When you hear Laser Cutting Equipment what comes to mind? Big giant companies producing cars? Big giant factories building airplanes and rockets perhaps? Well, yes to both. But did you know that these same big machines can cut and work with something as delicate as lace and leather? No, that’s not what this is all about.
From small and compact to large and in charge, when industrial teams need something cut, assembled and built, these laser-cutting systems is what they turn to for help. So, back to the subject of delicate. First thing that comes to mind is the billion dollar clothing industry. Those sewers need something to sew…so large laser cutters, which have the ability to cut fabrics ultra fast and with ultra precision using basically a stream of light, are definitely up to the task. In the textiles industry, these specialized laser cutters can cut through a variety of materials such as cotton, fleece, felt, polyester, silk and even synthetic and technical textiles like plastics, carbon fibers and other man-made materials.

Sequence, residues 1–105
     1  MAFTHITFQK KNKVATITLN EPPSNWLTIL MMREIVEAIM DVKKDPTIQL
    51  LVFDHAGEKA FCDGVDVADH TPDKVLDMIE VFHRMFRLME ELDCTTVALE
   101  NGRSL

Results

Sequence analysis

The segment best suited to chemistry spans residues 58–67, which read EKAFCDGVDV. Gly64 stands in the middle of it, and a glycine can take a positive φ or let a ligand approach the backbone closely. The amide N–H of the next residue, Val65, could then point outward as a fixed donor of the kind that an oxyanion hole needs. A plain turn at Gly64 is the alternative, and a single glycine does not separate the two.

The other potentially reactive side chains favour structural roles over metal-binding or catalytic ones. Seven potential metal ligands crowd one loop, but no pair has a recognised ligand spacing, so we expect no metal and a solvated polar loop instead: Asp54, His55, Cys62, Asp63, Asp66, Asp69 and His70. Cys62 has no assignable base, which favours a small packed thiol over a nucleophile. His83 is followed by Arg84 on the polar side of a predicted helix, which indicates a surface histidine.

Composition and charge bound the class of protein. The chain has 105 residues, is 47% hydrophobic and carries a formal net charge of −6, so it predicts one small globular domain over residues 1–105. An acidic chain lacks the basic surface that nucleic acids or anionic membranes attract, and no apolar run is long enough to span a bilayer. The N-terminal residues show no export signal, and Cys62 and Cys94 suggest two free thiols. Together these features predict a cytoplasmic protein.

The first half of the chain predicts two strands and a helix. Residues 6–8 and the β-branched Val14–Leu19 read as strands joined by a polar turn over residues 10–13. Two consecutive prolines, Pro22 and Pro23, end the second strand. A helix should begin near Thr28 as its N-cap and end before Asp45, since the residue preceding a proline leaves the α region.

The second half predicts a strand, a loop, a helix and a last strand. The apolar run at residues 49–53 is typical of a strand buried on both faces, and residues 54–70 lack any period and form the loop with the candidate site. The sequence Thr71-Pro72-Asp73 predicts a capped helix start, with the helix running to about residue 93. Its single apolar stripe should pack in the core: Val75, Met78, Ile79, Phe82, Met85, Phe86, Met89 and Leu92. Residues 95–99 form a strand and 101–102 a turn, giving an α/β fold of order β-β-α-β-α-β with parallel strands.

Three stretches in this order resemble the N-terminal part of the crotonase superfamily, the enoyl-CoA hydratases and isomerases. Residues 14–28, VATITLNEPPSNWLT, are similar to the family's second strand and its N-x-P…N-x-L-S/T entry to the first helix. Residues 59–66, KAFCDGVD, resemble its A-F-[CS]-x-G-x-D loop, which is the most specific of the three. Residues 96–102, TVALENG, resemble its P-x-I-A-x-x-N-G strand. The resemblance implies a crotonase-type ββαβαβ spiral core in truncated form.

Now when you think of textiles, don’t assume this is something having to do with what your iPhone can (or can’t) do for you. As a matter of fact, it is something entirely different. The term textiles refer to any material made of interlacing fibers. In other words: fabrics. Billion-dollar industry – everyone needs clothes, right? Well OK, almost everyone.
And then we step outside the textiles box and step into other materials that laser cutters are often used on: glass, leather, rubber, wood, plastics and even stone and metal. These might be more of what comes to mind when the term laser cutter is thrown out there. Street signs, rubber stamps, packaging materials, um…cars, airplanes and rockets, all need the help of this industrial strength equipment to get the job done quickly and precisely. Time is money people!
Speaking of money, if you think you might want to go out and purchase one of these cutters (even one of the smallest ones) be prepared to break open more than just that piggy bank. Most of them purchased are bought for the company’s good fortune, not an individual’s. My buddies at ILS do make something on a smaller and less expensive scale for the every day artist. Most commonly would be quilters and sewers (small scale) giving a very high-quality finished cut edge to any project.
All this talk of a machine and laser and cutting tools makes you kind of want to settle down and tune to Science Channel’s How It’s Made or How did They Do It. Because you can’t just go off and buy heavy machinery, settling down on the couch watching a marathon of shows might be the next best thing.